SYDNEY (Reuters) - A measure of Australian business conditions dipped slightly in April but confidence unexpectedly improved despite the prospect of big spending cuts and tax hikes in the federal government's May 13 budget.
National Australia Bank's survey of more than 400 firms showed business confidence rose two points to stand at +6, returning to long-run average levels after hitting a post-election low last month.
"The rise in confidence was a little surprising given negative rhetoric about a 'tough budget'," said NAB's chief economist, Alan Oster.
"Broader macro indicators are looking a little more positive - including the labour market - and may be helping confidence, which is highest in finance/ property/ business and retail."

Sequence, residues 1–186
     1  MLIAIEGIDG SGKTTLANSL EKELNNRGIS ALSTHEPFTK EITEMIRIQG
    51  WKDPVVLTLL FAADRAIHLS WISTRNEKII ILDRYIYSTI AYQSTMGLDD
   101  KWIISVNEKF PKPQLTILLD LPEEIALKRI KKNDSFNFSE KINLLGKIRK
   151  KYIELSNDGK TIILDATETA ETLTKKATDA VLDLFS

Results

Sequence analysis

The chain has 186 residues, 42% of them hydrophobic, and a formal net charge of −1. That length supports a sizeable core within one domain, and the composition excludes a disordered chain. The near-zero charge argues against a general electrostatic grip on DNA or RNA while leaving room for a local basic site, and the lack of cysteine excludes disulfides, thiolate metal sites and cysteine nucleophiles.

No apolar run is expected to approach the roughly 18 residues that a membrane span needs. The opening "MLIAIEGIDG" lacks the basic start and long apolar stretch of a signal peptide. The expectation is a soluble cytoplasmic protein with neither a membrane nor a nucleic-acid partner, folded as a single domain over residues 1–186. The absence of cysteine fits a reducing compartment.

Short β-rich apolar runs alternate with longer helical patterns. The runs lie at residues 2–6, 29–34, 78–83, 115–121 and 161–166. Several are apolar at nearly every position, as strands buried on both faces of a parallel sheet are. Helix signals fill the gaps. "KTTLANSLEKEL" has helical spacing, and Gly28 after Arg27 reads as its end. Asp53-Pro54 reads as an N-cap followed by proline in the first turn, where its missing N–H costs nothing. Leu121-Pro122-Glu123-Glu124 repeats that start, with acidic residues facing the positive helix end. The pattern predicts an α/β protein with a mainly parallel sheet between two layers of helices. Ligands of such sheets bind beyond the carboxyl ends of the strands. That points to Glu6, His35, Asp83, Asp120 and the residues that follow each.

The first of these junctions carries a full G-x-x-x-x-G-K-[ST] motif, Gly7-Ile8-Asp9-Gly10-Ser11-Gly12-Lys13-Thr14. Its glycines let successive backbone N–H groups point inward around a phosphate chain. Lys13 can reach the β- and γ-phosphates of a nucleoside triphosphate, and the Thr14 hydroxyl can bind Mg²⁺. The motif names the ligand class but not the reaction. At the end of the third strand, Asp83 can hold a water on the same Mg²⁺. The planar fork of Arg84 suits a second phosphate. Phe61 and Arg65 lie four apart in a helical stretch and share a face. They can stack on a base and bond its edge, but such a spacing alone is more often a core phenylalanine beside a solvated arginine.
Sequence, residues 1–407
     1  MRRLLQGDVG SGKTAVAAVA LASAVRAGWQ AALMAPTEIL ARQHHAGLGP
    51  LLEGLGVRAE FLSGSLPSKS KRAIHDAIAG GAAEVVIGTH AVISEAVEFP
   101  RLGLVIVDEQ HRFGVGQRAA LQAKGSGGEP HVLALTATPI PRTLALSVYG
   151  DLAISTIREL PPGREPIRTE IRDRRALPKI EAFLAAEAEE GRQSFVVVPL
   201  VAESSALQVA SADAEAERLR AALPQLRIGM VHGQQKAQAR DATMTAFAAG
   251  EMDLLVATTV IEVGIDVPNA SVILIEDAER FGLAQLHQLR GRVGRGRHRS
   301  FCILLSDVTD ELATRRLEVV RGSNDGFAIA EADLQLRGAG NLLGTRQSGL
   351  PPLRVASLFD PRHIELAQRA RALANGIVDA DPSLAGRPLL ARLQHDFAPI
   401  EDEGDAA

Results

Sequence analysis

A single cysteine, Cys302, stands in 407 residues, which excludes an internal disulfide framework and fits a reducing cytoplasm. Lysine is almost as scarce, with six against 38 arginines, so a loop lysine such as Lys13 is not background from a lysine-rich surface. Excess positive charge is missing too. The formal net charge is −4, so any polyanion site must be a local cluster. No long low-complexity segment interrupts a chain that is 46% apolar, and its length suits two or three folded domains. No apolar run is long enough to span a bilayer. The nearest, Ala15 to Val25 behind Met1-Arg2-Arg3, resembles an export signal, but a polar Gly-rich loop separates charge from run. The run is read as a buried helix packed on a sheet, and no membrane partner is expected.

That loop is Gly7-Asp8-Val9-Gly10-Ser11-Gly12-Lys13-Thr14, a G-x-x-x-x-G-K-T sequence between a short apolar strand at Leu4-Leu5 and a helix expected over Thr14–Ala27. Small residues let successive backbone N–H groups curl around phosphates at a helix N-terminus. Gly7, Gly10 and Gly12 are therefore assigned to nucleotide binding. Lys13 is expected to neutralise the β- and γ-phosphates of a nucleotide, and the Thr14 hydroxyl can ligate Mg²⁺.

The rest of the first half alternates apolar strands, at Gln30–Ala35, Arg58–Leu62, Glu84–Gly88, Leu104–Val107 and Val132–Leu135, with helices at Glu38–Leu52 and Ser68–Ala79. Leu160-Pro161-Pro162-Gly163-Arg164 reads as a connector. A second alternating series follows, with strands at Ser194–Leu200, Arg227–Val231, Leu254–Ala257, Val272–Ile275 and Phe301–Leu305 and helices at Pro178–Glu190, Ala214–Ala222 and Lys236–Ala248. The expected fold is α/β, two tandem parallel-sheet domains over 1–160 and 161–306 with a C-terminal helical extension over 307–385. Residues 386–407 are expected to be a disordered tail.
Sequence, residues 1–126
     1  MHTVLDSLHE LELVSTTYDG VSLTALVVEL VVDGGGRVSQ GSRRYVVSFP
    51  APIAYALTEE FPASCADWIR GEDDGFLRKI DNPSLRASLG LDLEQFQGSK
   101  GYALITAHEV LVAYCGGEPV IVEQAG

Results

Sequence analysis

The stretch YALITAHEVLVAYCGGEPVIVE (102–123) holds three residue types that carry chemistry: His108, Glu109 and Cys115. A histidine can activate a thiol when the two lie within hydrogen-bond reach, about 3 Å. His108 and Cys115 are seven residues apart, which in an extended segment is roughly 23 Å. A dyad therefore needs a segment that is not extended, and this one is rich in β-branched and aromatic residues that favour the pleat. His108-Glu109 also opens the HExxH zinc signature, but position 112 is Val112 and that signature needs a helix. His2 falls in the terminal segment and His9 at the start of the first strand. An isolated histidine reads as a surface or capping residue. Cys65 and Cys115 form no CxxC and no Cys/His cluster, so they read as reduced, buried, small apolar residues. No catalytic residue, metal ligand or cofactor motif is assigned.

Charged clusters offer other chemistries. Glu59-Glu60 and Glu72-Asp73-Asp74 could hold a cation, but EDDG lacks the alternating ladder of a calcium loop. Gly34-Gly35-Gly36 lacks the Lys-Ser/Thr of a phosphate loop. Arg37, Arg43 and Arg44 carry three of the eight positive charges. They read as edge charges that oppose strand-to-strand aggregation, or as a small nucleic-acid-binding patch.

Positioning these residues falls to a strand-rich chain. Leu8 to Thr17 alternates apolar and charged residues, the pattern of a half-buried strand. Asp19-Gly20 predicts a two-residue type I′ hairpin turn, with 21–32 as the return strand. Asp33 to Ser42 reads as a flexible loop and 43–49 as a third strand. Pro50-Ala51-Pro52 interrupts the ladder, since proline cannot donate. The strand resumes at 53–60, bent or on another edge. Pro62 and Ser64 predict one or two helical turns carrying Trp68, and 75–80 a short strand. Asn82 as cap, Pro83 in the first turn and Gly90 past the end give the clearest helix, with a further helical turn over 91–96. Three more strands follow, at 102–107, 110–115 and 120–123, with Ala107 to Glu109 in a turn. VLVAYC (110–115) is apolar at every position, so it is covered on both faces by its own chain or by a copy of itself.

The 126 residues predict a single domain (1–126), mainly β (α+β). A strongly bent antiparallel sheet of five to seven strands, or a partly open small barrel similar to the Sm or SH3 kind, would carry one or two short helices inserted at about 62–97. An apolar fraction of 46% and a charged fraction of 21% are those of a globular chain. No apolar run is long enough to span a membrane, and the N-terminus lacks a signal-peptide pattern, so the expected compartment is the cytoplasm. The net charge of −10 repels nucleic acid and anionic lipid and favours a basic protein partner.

The report's index of business conditions slipped 1 point to stand at 0 in April as the measure of forward orders dropped to -6 from +2.
The survey's index of employment, however, continued to improve, moving up to 0 from -1.
Inflation pressures remained relatively muted due to lower labour cost pressures.
NAB said it expects first quarter gross domestic product to be stronger than it previously expected and believes the unemployment rate will peak at lower level than earlier anticipated.
As a result, it has dropped its call for a rate cut in November although it does not see rates rising until late 2015.